fMRI data was processed using the PyMVPA2 package (Hanke et al., 2009). First, we normalized data by subtracting the mean and dividing by the standard deviation across voxels in each run for each condition separately (Misaki, Kim, Bandettini, & Kriegeskorte, 2010). For each pair of stimuli, a linear ν support vector machine (SVM; from the LIBSVM package by Chang & Lin, 2011) was trained on all but eight runs in a pairwise classification task (i.e., for all pairwise combinations of stimuli) and then cross-validated on the average of the remaining eight runs. This procedure was repeated 100 times, each time using a random sample of cross-validation runs. Performance is reported as the proportion of correct identification of the test data labels. 
Results
First, we confirmed that we could replicate the basic finding in Experiment 1, namely, the decrease in fMRI response in LO with an increase in stimulus regularity (Figure 6). We found that despite limiting the stimulus set to a single junction type, and thus vastly increasing homogeneity, the effect in LO was, in fact, even more pronounced, two-tailed one-sample t test: t(7) = 4.13, p = 0.004, consistent with the fact that the data was obtained from roughly 50% more imaging runs. However, in other ROIs (including pFs), the effect was not statistically significant (ts < 1.86, ps > 0.10). In fact, we found a reliable difference between the estimated slopes in LO and the early visual cortex, V1, V2, and V3 pooled together: two-tailed paired-samples t test: t(7) = 2.93, p = 0.022, suggesting potential differences in regularity encoding across the visual hierarchy. 
Figure 6
 
(Left) fMRI response dependency on the degree of stimulus regularity in each ROI and a V1 model output for comparison. Note a decrease in fMRI response to more regular configurations. Error bars represent within-subject confidence intervals (Loftus & Masson, 1994; Cousineau, 2005; Morey, 2008). (Right) Slope of decrease of the fMRI response with an increase in stimulus regularity. Only LO shows a reliable dependency between the fMRI response and regularity (p = 0.004). Error bars represent 95% confidence intervals across participants.
Figure 6
 
(Left) fMRI response dependency on the degree of stimulus regularity in each ROI and a V1 model output for comparison. Note a decrease in fMRI response to more regular configurations. Error bars represent within-subject confidence intervals (Loftus & Masson, 1994; Cousineau, 2005; Morey, 2008). (Right) Slope of decrease of the fMRI response with an increase in stimulus regularity. Only LO shows a reliable dependency between the fMRI response and regularity (p = 0.004). Error bars represent 95% confidence intervals across participants.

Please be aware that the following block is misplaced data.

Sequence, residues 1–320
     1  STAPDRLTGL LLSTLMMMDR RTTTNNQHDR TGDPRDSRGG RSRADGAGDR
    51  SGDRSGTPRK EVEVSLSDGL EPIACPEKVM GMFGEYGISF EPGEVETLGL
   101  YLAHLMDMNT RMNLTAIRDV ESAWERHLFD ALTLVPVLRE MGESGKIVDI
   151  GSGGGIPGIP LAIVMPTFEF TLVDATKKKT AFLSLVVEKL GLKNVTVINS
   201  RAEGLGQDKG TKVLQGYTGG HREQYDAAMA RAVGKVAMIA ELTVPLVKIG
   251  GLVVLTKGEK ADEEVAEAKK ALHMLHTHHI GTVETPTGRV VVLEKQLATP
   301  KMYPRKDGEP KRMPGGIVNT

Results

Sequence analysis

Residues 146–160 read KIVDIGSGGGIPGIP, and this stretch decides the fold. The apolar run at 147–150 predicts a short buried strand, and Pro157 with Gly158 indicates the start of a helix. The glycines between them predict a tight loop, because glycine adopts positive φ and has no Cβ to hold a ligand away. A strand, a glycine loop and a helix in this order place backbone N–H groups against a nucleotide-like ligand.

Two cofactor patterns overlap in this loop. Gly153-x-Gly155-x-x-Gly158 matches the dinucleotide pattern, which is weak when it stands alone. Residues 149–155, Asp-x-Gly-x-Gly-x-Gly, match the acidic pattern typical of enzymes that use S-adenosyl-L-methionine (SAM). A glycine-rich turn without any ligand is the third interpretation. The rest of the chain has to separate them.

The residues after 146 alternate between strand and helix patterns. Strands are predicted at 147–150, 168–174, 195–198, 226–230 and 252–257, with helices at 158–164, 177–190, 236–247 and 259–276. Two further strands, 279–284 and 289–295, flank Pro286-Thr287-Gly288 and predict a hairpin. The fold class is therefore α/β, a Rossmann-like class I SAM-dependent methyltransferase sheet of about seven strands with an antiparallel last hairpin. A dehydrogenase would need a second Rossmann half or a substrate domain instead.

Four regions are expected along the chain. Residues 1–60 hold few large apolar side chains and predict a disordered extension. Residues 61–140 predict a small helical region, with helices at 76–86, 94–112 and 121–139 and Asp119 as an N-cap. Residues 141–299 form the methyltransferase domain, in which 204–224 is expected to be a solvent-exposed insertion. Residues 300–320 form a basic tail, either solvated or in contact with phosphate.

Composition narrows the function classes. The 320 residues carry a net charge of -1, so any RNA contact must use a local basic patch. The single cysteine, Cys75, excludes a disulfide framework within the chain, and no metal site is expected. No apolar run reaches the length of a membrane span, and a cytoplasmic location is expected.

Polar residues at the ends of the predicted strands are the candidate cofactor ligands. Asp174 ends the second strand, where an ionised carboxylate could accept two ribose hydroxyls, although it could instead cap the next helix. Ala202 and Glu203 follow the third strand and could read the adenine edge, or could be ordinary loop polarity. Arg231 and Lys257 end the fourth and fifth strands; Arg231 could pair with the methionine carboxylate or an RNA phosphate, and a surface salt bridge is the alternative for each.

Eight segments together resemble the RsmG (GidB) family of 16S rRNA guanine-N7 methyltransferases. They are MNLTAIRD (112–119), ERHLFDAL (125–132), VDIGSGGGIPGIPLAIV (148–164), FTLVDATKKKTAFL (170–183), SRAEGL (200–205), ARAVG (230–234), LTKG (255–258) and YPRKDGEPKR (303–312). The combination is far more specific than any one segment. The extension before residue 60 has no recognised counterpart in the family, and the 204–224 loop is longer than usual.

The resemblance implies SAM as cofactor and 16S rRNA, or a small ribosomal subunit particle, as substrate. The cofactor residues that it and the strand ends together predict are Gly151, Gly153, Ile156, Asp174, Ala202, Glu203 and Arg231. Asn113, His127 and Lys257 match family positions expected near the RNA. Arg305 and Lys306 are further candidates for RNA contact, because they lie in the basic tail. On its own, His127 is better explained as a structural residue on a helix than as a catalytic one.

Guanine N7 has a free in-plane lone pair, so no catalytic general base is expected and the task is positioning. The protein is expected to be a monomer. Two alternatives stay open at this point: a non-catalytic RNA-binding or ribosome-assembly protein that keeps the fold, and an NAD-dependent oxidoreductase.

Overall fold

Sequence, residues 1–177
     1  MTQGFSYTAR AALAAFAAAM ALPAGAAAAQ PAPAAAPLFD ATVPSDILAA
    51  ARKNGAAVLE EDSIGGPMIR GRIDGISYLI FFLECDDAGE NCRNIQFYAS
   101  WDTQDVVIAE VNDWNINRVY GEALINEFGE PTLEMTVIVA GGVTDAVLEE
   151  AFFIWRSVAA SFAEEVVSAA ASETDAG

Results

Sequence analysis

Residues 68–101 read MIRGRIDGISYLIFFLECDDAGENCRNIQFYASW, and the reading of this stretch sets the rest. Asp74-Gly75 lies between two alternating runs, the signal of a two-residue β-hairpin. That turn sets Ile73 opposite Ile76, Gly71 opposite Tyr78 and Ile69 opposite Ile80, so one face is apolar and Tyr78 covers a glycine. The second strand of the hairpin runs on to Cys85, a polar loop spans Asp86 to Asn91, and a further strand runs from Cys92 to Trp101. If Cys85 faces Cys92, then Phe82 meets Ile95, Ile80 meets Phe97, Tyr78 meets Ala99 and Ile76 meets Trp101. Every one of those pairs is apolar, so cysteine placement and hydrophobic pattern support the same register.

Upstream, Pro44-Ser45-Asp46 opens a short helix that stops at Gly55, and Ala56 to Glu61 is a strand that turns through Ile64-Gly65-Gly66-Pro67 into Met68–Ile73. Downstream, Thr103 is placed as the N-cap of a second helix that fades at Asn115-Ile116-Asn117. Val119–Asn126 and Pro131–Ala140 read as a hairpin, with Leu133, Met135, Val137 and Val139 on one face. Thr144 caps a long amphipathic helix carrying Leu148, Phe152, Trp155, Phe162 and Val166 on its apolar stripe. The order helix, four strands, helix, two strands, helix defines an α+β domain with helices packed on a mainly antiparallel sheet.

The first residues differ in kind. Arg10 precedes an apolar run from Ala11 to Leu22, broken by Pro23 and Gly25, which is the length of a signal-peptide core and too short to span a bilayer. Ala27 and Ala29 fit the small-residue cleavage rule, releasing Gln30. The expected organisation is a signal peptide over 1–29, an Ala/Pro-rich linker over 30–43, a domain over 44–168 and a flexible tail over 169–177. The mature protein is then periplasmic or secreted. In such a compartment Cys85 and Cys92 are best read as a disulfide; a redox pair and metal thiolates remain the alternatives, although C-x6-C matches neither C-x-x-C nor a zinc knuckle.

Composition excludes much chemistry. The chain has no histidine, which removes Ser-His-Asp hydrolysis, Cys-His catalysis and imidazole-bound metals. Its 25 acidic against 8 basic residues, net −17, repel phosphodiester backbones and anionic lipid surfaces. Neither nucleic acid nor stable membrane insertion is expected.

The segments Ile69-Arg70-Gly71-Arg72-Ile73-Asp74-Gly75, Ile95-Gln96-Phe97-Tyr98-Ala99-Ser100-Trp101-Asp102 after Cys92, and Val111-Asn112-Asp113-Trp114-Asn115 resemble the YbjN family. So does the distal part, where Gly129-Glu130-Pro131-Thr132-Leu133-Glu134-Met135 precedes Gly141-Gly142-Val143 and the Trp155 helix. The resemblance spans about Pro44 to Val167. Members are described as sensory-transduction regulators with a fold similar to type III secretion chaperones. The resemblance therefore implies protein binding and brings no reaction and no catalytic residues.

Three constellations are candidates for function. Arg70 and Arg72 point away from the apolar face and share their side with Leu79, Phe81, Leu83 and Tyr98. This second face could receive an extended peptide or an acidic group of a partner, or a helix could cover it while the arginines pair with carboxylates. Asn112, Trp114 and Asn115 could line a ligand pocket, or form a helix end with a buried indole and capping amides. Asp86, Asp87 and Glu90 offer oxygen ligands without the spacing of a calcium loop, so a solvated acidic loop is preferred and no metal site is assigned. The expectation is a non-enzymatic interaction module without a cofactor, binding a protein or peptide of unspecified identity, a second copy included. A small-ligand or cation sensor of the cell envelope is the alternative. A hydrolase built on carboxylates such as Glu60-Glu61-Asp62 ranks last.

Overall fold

Another way to look at regularity effects in the visual cortex is to compare responses to nonaccidental and metric stimuli in each triplet from Figure 5. By construction, nonaccidental stimuli are always more regular in a particular triplet than the metric ones. In accordance with this prediction, we found lower, on average, responses to nonaccidental stimuli than to metric stimuli (Figure 7, left), LO: t(7) = 6.21, p < 0.001, other ROIs: ts > 2.73, ps < 0.029. 
Figure 7
 
(Left) Differences in fMRI signal between metric and nonaccidental stimuli for stimuli triplets in Figure 5 (t values). Metric (M) stimuli (i.e., less regular) elicited stronger responses than nonaccidental (NA) stimuli in all ROIs, most robustly in LO. (Right) Differences in SVM decoding for stimuli triplets in Figure 5. Decoding of a metric versus base stimulus did not differ significantly from decoding a nonaccidental versus base stimulus with a trend of a higher similarity between the base and the nonaccidental variant, opposite to our prediction. Note that in both cases there was no difference based solely on physical stimulus properties (V1 model). Error bars represent 95% confidence intervals across participants.
Figure 7
 
(Left) Differences in fMRI signal between metric and nonaccidental stimuli for stimuli triplets in Figure 5 (t values). Metric (M) stimuli (i.e., less regular) elicited stronger responses than nonaccidental (NA) stimuli in all ROIs, most robustly in LO. (Right) Differences in SVM decoding for stimuli triplets in Figure 5. Decoding of a metric versus base stimulus did not differ significantly from decoding a nonaccidental versus base stimulus with a trend of a higher similarity between the base and the nonaccidental variant, opposite to our prediction. Note that in both cases there was no difference based solely on physical stimulus properties (V1 model). Error bars represent 95% confidence intervals across participants.
Comparison to V1-like model outputs
We also computed responses of the V1 model to this stimulus set and compared them to the fMRI signal. Unlike in Experiment 1, we did not find a relationship between model responses and fMRI signal (absolute Pearson rs < 0.10, ps > 0.37), consistent with our choice to use a more homogenous set of stimuli (i.e., X-junctions) in this experiment. In particular, in Experiment 1 but not Experiment 2, there were vast differences between stimuli in terms of their junction type (see “Junction index” in Methods), potentially driving the robust correlation between model response and fMRI. 
Moreover, in the norm-based encoding analysis, we also did not observe a reliable dependence between stimulus similarity and fMRI signal (Pearson rs < 0.32, ps > 0.14), further establishing regularity encoding as a separate process from norm-based encoding. 
Support vector machine analysis